Points to Consider

So, have you had a grandchild show up to ask about using your house for a documentary on hoarding for his school project? Not yet? How can you prevent becoming an Accidental Hoarder? Accidental hoarding happens because people are reluctant to make decisions. Not deciding is actually a decision. Some people are naturally indecisive, but as we age, and with flagging energy, it seems easier to add than subtract and stuff begins to layer and then pile up. We tend to leave everything out in the open on horizontal surfaces, believing that by doing that we are less apt to forget something important. That is until we can’t find the important item. I recommend to people that they establish two important points.

The “You Are Here” Point

The first one I call the “You are here point in life”. This idea comes from the directional plaque you are apt to see in shopping malls and museums that shows you where you are in relation to the rest of the building. What I mean here is to take stock of your own life; your age and state of health; the state of your home’s health, too; and just how apt you are to complete the many projects you’ve started. I remind my husband every now and then that even though he has the genes to live to be 100, his brain cells may not stick around that long, so he needs to be more practical in  estimating all that he might accomplish. I, myself take stock and ask who do I want to be at this stage of my life? I have cut back on growing most of our own food and use a local CSA farm share to grow food for me and have a much smaller garden. Therefore I don’t need a great quantity of canning supplies and can let them go. I also don’t have the interest in doing crafts that I did when I was younger, so there’s a bunch more stuff I don’t need to keep.

The “Enough” Point

The other important decision is to establish what I call “The Enough Point”. If you can say that the 25 ceramic cats you already have is enough, then you can turn down the opportunity to collect more and tell the relatives to find something else for Mother’s Day gifts. I use this myself when it comes to saving magazines. I ask myself, “What is my level of commitment to read every one of these magazines?”. I usually find that I can trim the selection down to the most recent issues which will likely be 3 to 4 weeks for weekly publications or the same number of months for monthly publications. I then put issues older than that into the recycling container. I can use the internet to find the online version of the magazine and save pertinent articles, or I might even print the article and have a paper version that will last longer than the magazine page. By doing this I am able to feel free to let go of items that I previously would have kept for way too long.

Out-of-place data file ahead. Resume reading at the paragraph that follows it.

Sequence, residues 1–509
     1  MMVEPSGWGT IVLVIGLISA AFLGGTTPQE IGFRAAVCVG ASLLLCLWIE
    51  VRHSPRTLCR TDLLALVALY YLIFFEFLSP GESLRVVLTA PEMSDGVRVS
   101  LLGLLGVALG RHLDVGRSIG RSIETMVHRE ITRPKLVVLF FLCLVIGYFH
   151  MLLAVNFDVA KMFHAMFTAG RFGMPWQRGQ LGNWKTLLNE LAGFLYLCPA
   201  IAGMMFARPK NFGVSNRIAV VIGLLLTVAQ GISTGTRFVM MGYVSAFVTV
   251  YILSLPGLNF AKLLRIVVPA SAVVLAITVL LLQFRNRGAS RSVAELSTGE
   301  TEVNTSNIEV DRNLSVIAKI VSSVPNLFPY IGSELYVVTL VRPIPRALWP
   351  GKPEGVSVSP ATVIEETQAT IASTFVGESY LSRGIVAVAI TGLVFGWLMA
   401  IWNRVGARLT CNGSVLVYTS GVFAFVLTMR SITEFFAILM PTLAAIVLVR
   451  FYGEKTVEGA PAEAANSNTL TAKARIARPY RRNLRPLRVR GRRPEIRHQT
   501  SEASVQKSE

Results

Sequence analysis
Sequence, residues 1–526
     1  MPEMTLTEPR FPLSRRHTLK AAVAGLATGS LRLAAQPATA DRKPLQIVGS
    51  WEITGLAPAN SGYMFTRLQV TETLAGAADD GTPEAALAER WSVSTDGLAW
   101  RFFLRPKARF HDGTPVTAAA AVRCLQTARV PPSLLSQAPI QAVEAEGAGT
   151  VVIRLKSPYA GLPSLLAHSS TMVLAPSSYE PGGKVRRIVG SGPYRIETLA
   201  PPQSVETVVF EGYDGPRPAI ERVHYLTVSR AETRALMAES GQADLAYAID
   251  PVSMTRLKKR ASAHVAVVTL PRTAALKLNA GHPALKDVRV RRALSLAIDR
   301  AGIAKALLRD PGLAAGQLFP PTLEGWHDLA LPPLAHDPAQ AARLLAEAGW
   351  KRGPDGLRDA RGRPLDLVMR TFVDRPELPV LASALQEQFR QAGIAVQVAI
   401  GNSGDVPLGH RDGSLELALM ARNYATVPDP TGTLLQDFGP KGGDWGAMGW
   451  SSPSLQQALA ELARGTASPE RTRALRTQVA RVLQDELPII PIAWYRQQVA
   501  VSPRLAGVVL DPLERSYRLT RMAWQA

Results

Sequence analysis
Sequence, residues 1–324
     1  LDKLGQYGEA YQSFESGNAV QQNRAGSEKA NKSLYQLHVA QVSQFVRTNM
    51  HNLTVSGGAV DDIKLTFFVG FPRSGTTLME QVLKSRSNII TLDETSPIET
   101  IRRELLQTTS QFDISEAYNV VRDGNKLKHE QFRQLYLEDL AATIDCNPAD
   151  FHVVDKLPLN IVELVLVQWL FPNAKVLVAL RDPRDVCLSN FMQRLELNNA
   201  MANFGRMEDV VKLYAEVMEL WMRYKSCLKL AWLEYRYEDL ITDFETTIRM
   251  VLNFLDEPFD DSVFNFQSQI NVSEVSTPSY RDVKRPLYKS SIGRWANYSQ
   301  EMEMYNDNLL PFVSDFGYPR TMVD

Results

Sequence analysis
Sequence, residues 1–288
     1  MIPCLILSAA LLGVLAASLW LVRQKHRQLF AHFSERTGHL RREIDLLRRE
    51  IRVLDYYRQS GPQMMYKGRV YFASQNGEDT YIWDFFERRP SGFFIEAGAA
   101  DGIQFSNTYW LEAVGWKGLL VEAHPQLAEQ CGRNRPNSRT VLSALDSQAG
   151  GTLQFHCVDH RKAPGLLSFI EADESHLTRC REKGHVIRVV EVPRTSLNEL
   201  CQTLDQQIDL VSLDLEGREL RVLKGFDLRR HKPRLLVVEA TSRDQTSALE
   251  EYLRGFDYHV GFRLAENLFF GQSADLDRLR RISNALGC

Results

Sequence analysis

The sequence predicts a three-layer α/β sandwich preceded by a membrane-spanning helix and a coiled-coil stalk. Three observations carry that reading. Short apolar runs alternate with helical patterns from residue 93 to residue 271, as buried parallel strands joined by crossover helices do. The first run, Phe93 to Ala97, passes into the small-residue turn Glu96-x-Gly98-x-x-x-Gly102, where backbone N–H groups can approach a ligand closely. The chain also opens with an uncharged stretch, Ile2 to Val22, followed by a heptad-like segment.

Question: what do your “You are Here Points” and your “Enough Points” look like?

Harriet Vaughan

About Harriet Vaughan

I am a Senior Move Manager, working with Senior Citizens and their families when it is time to downsize or just make the home safer and more comfortable for aging in place. I help these people make decisions about what to keep, throw out, donate, or sell. I also offer workshops on "Getting Things Done When You Are Over 60". I write about how to overcome memory lapses and how to use your physical energy well. I have a degree in Home Economics from the University of Maine. I live in Coopers Mills, about 14 miles east of Augusta. I have been married for almost 50 years to my husband, Chuck Vaughan. Our business is called Legacy Years Transition Services.